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Thread: John Ajvide Lindqvist

  1. #1
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    Default John Ajvide Lindqvist

    This author is being touted as Sweden's Stephen King. He is likely best known for his first book, "Let the Right One In", which was first made into a movie in Sweden, with the same name as the book, and then Hollywood remade it as "Let Me In." The book was excellent and both movies were good, although I preferred the Swedish version.

    I am now reading his third book, "Harbor" and it is very, very good. From the Kirkus review - Lindqvist drifts squarely into Stephen King territory with his latest—which, it seems, is a bit of a roman à clef, reflecting the author’s childhood in a Stockholm housing development on the edge of the city. So it is with Domarö, an island not far from the Swedish capital where hoary old fishermen mend their nets and rough-edged yokels sharpen their knives, even as smart urbanites zip about in their fine cars and well-made clothes. One of those city slickers, a pensive fellow named Anders, suffers a terrible blow when his daughter, Maja, sees something mysterious, goes to have a look and disappears. “She was good at finding places to hide,” Anders reasons at first. “Although she could be over-excited and eager in other situations, when she was playing hide and seek she could keep quiet and still for any length of time.” Well, this is a very serious game of hide and seek indeed, for others on this island have gone missing, too—boatloads of them, with cases of schnapps as a gift to the critters that dwell in the spectral Baltic waters. Will Anders ever find his daughter?

    Now, I have not read his second book, "handling the Undead", which is I understand, a zombie inspired book, copared by one reviewer to "World War Z" (soon out as a movie starring Brad Pitt). But I have placed his next novel, "Little Star" on my Amazon wish list, based on the preview chapters at the back of the book Harbor.

    I'm wondering if Mr. King has read any of Lindqvist's books and what his view is on the books and the comparison to himself.

  2. #2
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    Default Re: John Ajvide Lindqvist

    He may have mentioned reading him but to be honest, I don't remember so would have to ask.


  3. #3
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    Default Re: John Ajvide Lindqvist

    I've read Let The Right One In and seen both films.The Swedish version is definitely better.Great book btw.I've got Harbour on my ever growing "to read" pile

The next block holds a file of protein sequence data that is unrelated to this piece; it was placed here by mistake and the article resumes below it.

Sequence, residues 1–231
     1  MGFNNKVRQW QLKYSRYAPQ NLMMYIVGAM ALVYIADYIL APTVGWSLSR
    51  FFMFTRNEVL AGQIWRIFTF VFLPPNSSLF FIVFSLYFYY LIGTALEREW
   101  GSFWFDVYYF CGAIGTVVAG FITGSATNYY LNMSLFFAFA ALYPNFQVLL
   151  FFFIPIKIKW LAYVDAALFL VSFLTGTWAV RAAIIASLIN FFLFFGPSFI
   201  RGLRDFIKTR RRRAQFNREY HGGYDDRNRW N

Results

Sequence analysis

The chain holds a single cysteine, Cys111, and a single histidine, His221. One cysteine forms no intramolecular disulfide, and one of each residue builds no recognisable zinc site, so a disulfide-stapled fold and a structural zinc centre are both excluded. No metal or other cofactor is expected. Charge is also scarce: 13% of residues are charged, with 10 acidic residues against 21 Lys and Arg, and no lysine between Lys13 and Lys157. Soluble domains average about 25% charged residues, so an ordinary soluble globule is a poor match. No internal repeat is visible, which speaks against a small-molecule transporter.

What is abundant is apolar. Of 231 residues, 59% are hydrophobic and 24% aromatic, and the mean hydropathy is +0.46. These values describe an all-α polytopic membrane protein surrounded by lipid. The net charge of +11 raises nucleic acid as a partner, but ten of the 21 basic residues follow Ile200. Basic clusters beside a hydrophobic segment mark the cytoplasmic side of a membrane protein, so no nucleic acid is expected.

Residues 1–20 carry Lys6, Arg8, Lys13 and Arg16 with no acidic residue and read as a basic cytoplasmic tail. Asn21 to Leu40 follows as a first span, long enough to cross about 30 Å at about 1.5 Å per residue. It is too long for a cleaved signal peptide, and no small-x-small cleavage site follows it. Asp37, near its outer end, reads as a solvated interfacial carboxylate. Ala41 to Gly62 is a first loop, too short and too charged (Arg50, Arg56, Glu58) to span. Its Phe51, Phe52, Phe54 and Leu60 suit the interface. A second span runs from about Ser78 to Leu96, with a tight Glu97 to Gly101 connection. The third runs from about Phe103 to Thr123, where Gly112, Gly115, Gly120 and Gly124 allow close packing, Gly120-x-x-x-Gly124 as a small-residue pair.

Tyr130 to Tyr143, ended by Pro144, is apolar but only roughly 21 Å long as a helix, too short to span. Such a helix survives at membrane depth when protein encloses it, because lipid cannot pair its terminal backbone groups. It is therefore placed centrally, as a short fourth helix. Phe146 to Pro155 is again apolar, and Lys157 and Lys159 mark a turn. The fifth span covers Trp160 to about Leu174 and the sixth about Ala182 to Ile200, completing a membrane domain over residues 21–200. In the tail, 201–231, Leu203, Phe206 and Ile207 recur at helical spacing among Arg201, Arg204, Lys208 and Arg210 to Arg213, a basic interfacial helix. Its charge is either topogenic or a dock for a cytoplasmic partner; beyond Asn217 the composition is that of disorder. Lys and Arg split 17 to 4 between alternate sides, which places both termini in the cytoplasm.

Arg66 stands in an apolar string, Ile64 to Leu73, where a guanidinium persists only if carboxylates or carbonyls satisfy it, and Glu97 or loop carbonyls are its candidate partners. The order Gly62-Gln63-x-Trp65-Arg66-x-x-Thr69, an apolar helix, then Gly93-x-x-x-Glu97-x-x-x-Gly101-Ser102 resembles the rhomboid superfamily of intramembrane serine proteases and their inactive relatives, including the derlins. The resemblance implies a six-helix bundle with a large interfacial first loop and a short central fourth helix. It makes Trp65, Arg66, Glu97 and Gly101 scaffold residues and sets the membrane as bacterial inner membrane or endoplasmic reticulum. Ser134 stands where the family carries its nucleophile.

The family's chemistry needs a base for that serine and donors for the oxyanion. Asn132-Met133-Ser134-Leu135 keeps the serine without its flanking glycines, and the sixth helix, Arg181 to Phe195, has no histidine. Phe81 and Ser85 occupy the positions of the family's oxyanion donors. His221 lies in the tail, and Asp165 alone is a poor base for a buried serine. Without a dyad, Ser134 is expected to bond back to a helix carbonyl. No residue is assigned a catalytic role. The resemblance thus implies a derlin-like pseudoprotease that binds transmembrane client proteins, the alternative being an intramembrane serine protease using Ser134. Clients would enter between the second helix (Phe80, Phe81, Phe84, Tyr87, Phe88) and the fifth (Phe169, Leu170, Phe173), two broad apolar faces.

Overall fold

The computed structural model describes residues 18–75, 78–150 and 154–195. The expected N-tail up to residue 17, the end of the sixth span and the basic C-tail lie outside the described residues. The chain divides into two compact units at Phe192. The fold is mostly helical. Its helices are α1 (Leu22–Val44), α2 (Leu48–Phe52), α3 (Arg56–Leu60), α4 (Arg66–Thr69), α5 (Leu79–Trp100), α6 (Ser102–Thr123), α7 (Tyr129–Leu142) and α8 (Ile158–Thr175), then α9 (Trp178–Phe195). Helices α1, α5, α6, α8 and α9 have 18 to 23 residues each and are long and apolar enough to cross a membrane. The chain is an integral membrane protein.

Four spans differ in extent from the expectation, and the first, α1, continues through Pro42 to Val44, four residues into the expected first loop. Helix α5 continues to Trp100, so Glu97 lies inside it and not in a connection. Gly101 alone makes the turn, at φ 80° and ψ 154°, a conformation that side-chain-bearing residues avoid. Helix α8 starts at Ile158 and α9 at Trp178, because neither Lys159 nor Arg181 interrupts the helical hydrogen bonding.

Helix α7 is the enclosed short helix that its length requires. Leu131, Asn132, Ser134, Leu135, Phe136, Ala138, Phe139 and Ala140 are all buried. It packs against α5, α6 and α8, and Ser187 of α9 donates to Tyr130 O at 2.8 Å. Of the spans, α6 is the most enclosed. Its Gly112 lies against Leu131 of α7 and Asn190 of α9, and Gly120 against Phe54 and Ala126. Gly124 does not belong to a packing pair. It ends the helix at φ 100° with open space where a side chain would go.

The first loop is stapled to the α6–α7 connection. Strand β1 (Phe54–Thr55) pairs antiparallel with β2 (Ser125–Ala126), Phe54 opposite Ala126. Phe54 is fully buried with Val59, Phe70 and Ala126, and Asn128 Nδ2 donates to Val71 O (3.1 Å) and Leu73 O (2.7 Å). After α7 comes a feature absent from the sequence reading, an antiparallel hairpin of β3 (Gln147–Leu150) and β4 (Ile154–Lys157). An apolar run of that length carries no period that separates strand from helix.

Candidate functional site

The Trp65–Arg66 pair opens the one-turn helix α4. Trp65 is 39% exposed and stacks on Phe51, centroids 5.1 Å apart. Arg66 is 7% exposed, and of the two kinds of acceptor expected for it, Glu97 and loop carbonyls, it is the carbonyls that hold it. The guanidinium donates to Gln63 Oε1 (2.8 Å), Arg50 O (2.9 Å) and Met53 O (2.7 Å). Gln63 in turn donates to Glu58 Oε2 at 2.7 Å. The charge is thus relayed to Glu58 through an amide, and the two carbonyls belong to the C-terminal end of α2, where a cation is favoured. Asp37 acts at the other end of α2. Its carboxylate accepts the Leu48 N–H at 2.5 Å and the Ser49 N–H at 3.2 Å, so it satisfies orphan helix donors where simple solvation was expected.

4. #4
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    Default Re: John Ajvide Lindqvist

    He picked the American movie "Let Me In" as one of the best of 2010.

    They both have stories in "A Book of Horrors"

  5. #5
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    Default Re: John Ajvide Lindqvist

    Quote Originally Posted by jlessl View Post
    This author is being touted as Sweden's Stephen King. He is likely best known for his first book, "Let the Right One In", which was first made into a movie in Sweden, with the same name as the book, and then Hollywood remade it as "Let Me In." The book was excellent and both movies were good, although I preferred the Swedish version.

    I am now reading his third book, "Harbor" and it is very, very good. From the Kirkus review - Lindqvist drifts squarely into Stephen King territory with his latest—which, it seems, is a bit of a roman à clef, reflecting the author’s childhood in a Stockholm housing development on the edge of the city. So it is with Domarö, an island not far from the Swedish capital where hoary old fishermen mend their nets and rough-edged yokels sharpen their knives, even as smart urbanites zip about in their fine cars and well-made clothes. One of those city slickers, a pensive fellow named Anders, suffers a terrible blow when his daughter, Maja, sees something mysterious, goes to have a look and disappears. “She was good at finding places to hide,” Anders reasons at first. “Although she could be over-excited and eager in other situations, when she was playing hide and seek she could keep quiet and still for any length of time.” Well, this is a very serious game of hide and seek indeed, for others on this island have gone missing, too—boatloads of them, with cases of schnapps as a gift to the critters that dwell in the spectral Baltic waters. Will Anders ever find his daughter?